Monday, 12 January 2015

Barmston and St. Mary's Island 2014 - James Spencer

2014 saw the start of my twin attack on Barmston and St Mary's Island as my home and work patches respectively. A slow start to the year saw me unable to visit St Mary's until late May as I was seconded to central Scotland for six months and with just a handful of visits to Barmston in the first quarter it wasn't proving particularly profitable.

January saw a solitary visit to Barmston where I came away with 40 species and 45 points (I'm already ahead for 2015!). The best bits were the returning Kumlien's Gull which was a very subtle individual although unanimity was seemingly reached as it returned in a fresh 2nd winter plumage. My second patch record of Great Northern Diver and a close in Razorbill. Auks can be a bit ephemeral here in the depths of Bridlington Bay and whilst Guillemot is easy enough getting a Raz in range can be tricky.

February was bleak with again a single visit to Barmston. As I delicately put it Teal, Mallard and Grey Partridge fell victim to my point cannon. A blur of electric blue along Barmston drain indicated a Kingfisher had strayed beyond its territory to the sluice.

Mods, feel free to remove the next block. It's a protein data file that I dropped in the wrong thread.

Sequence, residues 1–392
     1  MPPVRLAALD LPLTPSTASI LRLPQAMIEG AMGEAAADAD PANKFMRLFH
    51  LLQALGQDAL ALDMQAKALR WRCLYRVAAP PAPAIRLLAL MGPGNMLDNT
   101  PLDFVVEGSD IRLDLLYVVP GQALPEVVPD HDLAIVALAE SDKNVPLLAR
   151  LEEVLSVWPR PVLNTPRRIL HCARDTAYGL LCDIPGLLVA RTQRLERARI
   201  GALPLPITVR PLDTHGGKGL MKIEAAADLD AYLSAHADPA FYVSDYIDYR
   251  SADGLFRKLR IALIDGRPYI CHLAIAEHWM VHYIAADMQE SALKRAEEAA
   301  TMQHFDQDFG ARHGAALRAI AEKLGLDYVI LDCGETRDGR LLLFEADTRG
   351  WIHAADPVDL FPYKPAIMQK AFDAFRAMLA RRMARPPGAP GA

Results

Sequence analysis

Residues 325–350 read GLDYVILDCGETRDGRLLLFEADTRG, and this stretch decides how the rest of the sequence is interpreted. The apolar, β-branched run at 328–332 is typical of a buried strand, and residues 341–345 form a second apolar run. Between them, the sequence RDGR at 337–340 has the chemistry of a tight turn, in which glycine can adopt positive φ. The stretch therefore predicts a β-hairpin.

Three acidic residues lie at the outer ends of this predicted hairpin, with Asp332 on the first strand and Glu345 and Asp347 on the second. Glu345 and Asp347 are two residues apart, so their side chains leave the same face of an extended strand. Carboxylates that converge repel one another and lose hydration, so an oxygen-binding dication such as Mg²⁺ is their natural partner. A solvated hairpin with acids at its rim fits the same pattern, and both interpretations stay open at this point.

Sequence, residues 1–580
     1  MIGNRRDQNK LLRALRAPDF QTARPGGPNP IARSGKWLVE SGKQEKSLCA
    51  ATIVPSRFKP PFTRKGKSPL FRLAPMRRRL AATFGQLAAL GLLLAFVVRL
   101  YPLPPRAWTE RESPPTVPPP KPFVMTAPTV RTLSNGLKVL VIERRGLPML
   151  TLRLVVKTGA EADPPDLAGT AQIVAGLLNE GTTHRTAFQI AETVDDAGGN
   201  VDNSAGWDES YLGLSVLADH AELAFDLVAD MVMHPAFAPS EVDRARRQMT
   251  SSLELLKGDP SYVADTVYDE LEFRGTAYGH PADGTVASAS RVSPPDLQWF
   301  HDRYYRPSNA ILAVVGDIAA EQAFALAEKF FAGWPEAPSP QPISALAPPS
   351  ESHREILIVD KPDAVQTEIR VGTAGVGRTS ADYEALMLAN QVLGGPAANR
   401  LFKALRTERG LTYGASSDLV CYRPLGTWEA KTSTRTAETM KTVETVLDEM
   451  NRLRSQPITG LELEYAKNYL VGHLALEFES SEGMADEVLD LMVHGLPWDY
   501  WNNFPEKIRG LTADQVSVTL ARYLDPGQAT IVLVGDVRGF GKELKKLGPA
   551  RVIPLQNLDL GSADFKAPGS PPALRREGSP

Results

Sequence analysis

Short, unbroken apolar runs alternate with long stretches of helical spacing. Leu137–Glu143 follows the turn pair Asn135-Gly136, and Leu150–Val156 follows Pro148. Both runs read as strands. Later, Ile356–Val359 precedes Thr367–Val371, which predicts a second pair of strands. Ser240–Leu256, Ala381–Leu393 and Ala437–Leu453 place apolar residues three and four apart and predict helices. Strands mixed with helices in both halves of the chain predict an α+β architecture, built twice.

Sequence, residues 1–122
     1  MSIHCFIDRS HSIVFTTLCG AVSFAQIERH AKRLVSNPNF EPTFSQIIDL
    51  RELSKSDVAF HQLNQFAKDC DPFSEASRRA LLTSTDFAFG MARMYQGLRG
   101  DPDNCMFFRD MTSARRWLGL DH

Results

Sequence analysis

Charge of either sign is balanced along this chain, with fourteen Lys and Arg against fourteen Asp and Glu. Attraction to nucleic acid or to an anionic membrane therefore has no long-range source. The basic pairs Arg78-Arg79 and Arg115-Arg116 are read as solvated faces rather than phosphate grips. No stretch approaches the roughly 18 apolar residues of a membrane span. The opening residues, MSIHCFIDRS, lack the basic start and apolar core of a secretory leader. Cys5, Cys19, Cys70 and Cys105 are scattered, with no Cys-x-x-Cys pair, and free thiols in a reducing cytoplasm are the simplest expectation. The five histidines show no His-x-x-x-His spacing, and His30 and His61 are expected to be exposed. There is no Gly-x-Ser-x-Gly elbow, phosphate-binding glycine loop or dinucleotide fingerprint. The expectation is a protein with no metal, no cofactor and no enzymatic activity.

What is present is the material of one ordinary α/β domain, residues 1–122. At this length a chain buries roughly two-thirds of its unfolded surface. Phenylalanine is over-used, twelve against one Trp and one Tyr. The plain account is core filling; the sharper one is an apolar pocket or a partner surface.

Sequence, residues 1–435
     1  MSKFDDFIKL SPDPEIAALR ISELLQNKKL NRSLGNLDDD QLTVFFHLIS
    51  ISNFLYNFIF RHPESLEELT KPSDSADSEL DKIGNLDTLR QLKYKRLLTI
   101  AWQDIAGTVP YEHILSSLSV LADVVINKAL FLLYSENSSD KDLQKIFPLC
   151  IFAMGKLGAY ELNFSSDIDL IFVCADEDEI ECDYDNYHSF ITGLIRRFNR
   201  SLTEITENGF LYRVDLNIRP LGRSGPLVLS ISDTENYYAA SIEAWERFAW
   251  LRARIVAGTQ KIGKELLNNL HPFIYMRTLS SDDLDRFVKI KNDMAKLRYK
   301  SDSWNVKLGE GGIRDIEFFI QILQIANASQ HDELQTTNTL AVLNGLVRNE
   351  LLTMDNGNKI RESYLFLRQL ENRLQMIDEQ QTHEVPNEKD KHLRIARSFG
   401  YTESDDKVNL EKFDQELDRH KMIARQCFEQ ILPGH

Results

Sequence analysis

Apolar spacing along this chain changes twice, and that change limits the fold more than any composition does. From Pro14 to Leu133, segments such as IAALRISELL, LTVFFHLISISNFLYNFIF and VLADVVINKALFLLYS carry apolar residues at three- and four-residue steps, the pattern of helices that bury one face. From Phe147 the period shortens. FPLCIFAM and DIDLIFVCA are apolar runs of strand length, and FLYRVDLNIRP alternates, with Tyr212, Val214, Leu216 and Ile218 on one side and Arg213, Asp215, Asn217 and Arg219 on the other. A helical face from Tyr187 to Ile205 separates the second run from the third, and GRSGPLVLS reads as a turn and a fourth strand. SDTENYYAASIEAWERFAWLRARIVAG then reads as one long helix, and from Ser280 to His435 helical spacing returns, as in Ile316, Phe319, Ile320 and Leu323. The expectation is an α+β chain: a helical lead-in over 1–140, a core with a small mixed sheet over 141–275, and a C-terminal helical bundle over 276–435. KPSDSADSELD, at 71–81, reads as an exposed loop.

Demands on my time remained high and balancing work and being a Dad continued to eat away at my patching potential in March. Despite this my single visit to Barmston yielded a swathe of early seabirds with Manx Shearwater, Kittiwake, Fulmar and Common Scoter making appearances. The shearwater especially was manna from heaven as they generally pass by about 5 miles out thanks to Flamborough Head.

April saw a couple of visits to Barmston as I was determined to get cracking and the arrival of the first migrants. Sand Martins were back in their breeding colonies and a few warblers marked out their patches. My first patch record of Shelduck since 2008 (there have been some sizeable gaps in effort!) was on the sea amongst the gulls. A pair of Gadwall summered and looked intent on breeding but after I flushed them from every tiny drain and puddle across the summer it appeared their efforts may have been in vain (no flushes intentional). A Canada Goose north along the seafront was a patch tick and a number of Corn Buntings were defending their corners in one of their remaining strongholds. I also saw the last of the Kumlien's Gull before it headed to the high Arctic for the summer.

By mid-May I had got another visit in to Barmston and was starting to get all the spring species under my belt. 92 species and 103 points by this time. A trio of Whimbrel on the beach were decent if expected and a Little Owl across the bonnet at dawn an absolute bonus of a patch tick. Some tern action was happening offshore and a few Common Sandpipers were noted on the puddle by the outflow. Another patch tick was a pair of Tufted Ducks which set up shop on the drain. Four visits to St Mary's got the ball rolling including the splendid Spotted Flycatcher below. Other stuff included a Goosander which was a bonus plus Stonechat and Grasshopper Warbler. I had managed to get to 50 species in short order.